Harry Truman once said, “The only thing new in the world is the history you don’t know.” That observation applies especially well to what tens of millions of Americans have been taught about Franklin Delano Roosevelt, the man under whom Truman served as vice president for about a month. Recent scholarship (including a highly acclaimed book, New Deal or Raw Deal, by FEE senior historian Burton Folsom) is thankfully disabusing Americans of the once-popular myth that FDR saved us from the Great Depression.
Another example is a 2004 article by two UCLA economists—Harold L. Cole and Lee E. Ohanian—in the important mainstream Journal of Political Economy. They observed that Franklin Roosevelt extended the Great Depression by seven long years. “The economy was poised for a beautiful recovery,” the authors show, “but that recovery was stalled by these misguided policies.”
In a commentary on Cole and Ohanian’s research, Loyola University economist Thomas DiLorenzo pointed out that six years after FDR took office, unemployment was almost six times the pre-Depression level. Per capita GDP, personal consumption expenditures, and net private investment were all lower in 1939 than they were in 1929.
“The fact that it has taken ‘mainstream’ neoclassical economists so long to recognize [that FDR’s policies exacerbated the disaster],” notes DiLorenzo, “is truly astounding,” but still “better late than never.”
Part of the Great FDR Myth is the notion that he won the presidency in 1932 with a mandate for central planning. My own essay on this period (“Great Myths of the Great Depression”) argued otherwise, based on the very platform and promises on which FDR ran. But until a few months ago I was unaware of a long-forgotten book that makes the case as well as any.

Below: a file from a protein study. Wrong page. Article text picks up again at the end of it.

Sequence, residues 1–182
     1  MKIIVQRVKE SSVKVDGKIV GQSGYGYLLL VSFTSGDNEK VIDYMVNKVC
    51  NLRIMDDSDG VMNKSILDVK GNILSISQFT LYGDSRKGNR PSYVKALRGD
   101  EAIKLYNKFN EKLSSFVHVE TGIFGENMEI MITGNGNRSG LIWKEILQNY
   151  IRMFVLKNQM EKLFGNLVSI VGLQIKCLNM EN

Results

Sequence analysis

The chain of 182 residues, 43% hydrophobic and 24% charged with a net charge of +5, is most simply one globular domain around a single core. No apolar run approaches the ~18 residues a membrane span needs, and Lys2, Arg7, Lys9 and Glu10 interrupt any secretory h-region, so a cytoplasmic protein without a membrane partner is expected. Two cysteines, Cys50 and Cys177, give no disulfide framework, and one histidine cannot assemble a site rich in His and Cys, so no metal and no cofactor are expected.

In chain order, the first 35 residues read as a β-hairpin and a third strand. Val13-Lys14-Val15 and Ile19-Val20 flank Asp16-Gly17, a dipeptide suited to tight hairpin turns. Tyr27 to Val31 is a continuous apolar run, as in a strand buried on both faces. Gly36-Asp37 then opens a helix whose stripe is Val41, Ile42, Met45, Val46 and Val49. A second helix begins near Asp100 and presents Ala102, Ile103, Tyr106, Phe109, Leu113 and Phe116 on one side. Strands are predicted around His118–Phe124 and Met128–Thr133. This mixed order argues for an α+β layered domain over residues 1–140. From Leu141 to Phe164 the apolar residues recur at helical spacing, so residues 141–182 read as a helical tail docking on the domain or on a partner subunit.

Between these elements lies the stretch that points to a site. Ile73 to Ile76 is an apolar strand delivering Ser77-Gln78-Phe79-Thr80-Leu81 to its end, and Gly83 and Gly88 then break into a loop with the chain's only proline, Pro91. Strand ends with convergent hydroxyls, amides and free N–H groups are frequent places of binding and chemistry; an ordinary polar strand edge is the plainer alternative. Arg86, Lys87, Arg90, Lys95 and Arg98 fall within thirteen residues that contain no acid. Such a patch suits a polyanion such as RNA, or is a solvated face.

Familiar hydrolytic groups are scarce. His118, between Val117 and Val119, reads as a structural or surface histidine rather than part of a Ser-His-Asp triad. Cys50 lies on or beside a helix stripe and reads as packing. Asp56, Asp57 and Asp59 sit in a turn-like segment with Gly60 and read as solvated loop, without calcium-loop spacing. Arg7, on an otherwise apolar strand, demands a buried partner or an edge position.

Hell Bent for Election was written by James P. Warburg, a banker who witnessed the 1932 election and the first two years of Roosevelt’s first term from the inside. Warburg, the son of prominent financier and Federal Reserve cofounder Paul Warburg, was no less than a high-level financial adviser to FDR himself. Disillusioned with the President, he left the administration in 1934 and wrote his book a year later.
Warburg voted for the man who said this on March 2, 1930, as governor of New York:
The doctrine of regulation and legislation by “master minds,” in whose judgment and will all the people may gladly and quietly acquiesce, has been too glaringly apparent at Washington during these last ten years. Were it possible to find “master minds” so unselfish, so willing to decide unhesitatingly against their own personal interests or private prejudices, men almost godlike in their ability to hold the scales of justice with an even hand, such a government might be to the interests of the country; but there are none such on our political horizon, and we cannot expect a complete reversal of all the teachings of history.
What Warburg and the country actually elected in 1932 was a man whose subsequent performance looks little like the platform and promises on which he ran and a lot like those of that year’s Socialist Party candidate, Norman Thomas.